- The Washington Times - Tuesday, March 25, 2003

Sandstorms slowed U.S. and British forces to a crawl and thwarted air missions Tuesday as U.S.-led forces edged closer to the Iraqi capital. Baghdad residents, hunkered down for an eventual battle, woke to howling winds and the distant crash of artillery.

British Prime Minister Tony Blair, providing an overview of the military campaign, said the coalition had secured a key southern port despite tenacious resistance, and had much of the western desert in hand.

He said the allies launched air attacks on targets in the northern oil centers of Mosul and Kirkuk, as well as Saddam Hussein's hometown of Tikrit, and that troops were making advances in eastern Iraq to help defend two main bridges over the Euphrates.

Blair stressed that the final miles on the road to Baghdad would be the most challenging, as U.S. Army troops face the Medina division of Saddam's Republican Guard. "This will plainly be a crucial moment," he said.

The Army met sporadic resistance on its journey north. A report from the 3rd Infantry Division's headquarters estimated 500 Iraqis were killed during a two-day sweep past the holy Shiite city of Najaf, said Command Sgt. Maj. Kenneth Preston of the Army's V Corps. At least 20 U.S. troops have been killed and 14 captured or missing since the operation began.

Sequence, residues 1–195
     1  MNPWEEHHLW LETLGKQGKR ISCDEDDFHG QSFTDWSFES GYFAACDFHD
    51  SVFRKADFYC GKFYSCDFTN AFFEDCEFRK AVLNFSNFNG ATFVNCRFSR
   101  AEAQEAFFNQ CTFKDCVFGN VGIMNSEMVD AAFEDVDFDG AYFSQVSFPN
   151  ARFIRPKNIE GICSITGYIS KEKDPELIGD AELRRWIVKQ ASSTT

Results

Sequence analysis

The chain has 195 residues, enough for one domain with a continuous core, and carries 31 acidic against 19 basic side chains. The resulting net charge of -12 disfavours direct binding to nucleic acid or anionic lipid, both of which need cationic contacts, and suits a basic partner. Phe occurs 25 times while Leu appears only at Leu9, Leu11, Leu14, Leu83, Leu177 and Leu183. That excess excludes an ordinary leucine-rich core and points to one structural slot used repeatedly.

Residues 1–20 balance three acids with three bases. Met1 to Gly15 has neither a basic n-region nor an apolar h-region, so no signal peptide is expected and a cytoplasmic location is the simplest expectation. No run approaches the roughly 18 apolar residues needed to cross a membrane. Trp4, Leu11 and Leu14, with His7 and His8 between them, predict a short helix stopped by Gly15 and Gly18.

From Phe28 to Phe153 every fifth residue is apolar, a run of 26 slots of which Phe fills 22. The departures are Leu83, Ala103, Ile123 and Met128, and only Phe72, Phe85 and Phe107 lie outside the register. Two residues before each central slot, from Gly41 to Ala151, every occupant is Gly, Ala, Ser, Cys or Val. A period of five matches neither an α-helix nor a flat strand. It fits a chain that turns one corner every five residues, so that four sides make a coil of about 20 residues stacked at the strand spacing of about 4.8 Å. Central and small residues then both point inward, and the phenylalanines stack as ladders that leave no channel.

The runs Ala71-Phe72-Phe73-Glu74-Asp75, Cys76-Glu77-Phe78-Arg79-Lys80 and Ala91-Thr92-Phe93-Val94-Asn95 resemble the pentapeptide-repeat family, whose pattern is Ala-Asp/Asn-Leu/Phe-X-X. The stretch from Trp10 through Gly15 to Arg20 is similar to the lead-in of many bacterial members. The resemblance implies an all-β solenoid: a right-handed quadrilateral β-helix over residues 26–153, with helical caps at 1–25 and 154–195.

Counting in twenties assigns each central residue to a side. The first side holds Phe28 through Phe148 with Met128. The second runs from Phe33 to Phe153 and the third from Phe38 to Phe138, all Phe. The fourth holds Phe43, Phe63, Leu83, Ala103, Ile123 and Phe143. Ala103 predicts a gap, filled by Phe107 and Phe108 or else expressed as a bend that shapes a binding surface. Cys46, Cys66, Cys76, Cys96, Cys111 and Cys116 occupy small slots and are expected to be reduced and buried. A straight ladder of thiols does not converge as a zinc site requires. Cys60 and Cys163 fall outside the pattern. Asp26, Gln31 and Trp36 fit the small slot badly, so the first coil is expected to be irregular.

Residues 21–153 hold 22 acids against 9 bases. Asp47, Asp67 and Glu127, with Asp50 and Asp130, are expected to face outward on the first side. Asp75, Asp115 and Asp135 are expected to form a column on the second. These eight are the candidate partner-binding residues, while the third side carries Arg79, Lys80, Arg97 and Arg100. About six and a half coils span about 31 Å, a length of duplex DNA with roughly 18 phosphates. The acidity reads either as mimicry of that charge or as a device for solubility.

President Bush, asking Congress for $74.7 billion to pay for six months of combat, said Tuesday that coalition forces are "on a steady advance" but said he could not predict how long the war will last.

Support for the ground troops advancing on Baghdad is increasingly becoming the focus of Navy air power, said Capt. Patrick Driscoll, commander of the more than 70-plane air wing aboard the USS Kitty Hawk.

U.S. officials said they believe Iraq is more likely to use chemical or biological weapons against coalition troops the closer they get to Baghdad. The Republican Guard controls the bulk of Iraq's chemical weaponry, most of which can be fired from artillery guns or short-range rocket launchers, according to U.S. officials.

Military analyst John Abrams, a retired Army four-star general, said coalition forces would try to avoid street warfare once they get to Baghdad.

"Chechnya did not work for the Russians," Abrams told The Associated Press. "You're going to have to get into a framework of precision operations … but you have to have very, very solid intelligence."

In other developments:

- In a friendly fire incident, an American F-16 fired on a U.S. Patriot missile battery in Iraq after the battery's radar locked on the plane, the U.S. Central Command said Tuesday. No U.S. casualties were reported. The strike Monday was the war's second such incident involving Patriot batteries apparently failing to distinguish between friendly and hostile targets.

- Coalition forces destroyed six satellite jamming devices, which Iraq was using to try to thwart American precision guided weapons, Air Force Maj. Gen. Victor Renuart said. He said the devices have had "no effect" on U.S. military operations.